Our Biggest Enemy...Sugar

We are fatter than we’ve ever been.  The United States is facing an epidemic with respect to the level of obesity in our country.  Based on data from the National Centre for Health Statistics, 34% of American adults over the age of 20 are obese (2007-2008).  Today, the average American consumes approximately 180 pounds of sugar annually compared to the 1800’s when that number was only about 18 pounds a year.  It's pretty scary to think where we are, but it's even scarier to think what this will mean for the future if we don't get educated on the dangers of this potent provision.

Over the years I've come to understand that sugar is the most misunderstood food item we consume.  Most of the struggles we encounter in trying to lose weight and maintain a healthy lifestyle have to do with this misconception about sugar. Most people associate sugar with highly sweet food products.  Donuts, ice cream, candy bars and chocolate chip cookies are obvious examples of food products that contain sugar, but what if I told you that your body doesn't know the difference between that donut you had for breakfast or the baked potato you had with dinner.  In fact, whether you consume a couple slices of whole wheat bread, a bowl of pasta or a chocolate bar your body breaks it down to the exact same substance.  Sugar can take many forms in the food we eat (sucrose, fructose, and maltose to name a few), but through our body's digestion and absorption process it all breaks down to the same thing…glucose.  Glucose is the simplest form of sugar and it’s what our body needs to ensure we receive the energy we require to go about our day.  Glucose is an important nutrient when it comes to fueling our bodies, but once your body has processed all the sugar it needs to function it stores the extra as fat.  By eating a balanced diet from natural sources such as meat, vegetables, fruit and dairy you are getting more than enough of the glucose your body needs to function at its best.  It's important to realize that your body has a limited capacity to store excess sugar after it converts to glucose, but it can easily convert it into excess body fat. 

The major challenge in controlling our sugar intake today is that excess refined sugar is hiding in most pre-packaged foods on the market.  Advertising labels on processed foods makes it difficult for the average consumer to know what they are actually buying.  Messaging on food packages such as “fat-free” and “less than 200 calories” are misleading if you aren’t aware of the dangers of sugar.  Processed foods are loaded with sugar and other chemicals that work to prolong the shelf-life of the product and make it taste appealing after the manufacturer has removed most of the essential nutrients.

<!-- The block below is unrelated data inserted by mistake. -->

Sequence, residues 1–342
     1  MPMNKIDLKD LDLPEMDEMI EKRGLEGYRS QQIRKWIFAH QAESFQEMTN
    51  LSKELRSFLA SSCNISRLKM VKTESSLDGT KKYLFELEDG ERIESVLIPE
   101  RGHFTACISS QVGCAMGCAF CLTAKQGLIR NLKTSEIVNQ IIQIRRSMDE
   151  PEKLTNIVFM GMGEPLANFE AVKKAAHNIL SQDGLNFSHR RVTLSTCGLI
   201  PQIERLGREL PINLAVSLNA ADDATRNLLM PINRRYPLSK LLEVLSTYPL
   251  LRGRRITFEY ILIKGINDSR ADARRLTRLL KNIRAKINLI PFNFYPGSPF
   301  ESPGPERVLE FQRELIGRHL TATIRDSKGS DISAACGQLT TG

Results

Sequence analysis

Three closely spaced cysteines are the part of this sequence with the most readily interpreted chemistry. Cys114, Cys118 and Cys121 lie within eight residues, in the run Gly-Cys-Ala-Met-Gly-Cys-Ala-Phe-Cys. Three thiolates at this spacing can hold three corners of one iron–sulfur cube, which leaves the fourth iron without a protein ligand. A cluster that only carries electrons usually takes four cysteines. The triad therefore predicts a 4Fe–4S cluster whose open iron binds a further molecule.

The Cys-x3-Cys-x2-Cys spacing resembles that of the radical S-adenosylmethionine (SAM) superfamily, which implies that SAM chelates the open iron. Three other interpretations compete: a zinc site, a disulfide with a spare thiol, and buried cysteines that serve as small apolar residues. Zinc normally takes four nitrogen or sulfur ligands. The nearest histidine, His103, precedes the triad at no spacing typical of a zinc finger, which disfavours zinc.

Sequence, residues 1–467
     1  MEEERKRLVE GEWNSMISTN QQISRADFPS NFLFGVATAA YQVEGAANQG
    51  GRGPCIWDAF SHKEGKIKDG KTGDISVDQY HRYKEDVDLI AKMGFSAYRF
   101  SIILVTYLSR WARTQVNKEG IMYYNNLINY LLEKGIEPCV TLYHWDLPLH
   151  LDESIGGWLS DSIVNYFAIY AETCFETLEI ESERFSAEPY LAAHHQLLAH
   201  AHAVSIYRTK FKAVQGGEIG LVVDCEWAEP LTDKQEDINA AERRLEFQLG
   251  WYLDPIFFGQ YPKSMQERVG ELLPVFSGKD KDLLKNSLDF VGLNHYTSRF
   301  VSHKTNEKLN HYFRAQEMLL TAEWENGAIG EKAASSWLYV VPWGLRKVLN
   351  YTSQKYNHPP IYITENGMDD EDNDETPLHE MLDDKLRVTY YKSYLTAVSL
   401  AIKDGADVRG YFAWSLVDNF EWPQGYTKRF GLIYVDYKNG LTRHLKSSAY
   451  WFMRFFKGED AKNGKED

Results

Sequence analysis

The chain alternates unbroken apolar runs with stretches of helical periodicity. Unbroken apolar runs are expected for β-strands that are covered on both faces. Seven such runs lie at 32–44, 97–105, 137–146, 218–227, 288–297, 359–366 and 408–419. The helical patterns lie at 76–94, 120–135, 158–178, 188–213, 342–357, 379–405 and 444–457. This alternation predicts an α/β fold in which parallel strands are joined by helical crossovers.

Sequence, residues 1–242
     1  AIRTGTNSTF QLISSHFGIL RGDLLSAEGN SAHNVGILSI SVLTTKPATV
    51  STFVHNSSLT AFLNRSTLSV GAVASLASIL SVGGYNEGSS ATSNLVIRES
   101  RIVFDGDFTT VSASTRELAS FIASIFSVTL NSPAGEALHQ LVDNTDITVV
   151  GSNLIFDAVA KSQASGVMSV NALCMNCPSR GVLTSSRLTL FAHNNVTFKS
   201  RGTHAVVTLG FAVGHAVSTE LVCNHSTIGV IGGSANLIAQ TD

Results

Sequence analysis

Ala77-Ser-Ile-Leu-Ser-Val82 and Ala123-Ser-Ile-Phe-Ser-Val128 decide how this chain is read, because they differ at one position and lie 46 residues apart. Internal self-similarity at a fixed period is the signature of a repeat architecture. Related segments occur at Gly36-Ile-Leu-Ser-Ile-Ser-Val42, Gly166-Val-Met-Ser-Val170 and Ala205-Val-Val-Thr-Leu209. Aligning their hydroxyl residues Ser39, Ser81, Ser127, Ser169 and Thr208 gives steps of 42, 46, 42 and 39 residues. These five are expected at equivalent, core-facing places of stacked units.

So how do you start to eliminate, or at the very least, reduce the amount of sugar you are consuming on a daily basis?  

It’s really just about getting back to the basics.  Getting away from packaged food products and frozen entrees and introducing real, whole foods back into your diet is the only way to be successful.

Now it’s important to note that sugar is a drug and as with any drug if you have been consuming a lot of it over an extended period of time, your body has most likely become addicted to it.  That being said, getting off sugar is not an easy feat.  If it were, we could jump into just about any commercial diet plan on the market and see lasting weight loss results. But, if you’ve ever been on a diet you know that is simply not the case.  If you think of sugar the same as nicotine, caffeine or dare I say even narcotics, you will be better equipped to understand this process will not happen overnight.

A good place to start is to try and eliminate something from your diet that contains refined sugar about once a week and replace it with something natural, but enjoyable.  For example, if you regularly eat frozen dinners, stop!  Fresh or even frozen fish fillets are easy to prepare. There are tons of varieties to choose from so ask the guy behind the seafood counter to recommend something that’s not too “fishy”.  Couple that with some fresh or frozen cooked veggies.  If that's all you change for the next 3 months...congratulations!  You’ve just cut about 3 inches from your waistline.  How "sweet" is that!

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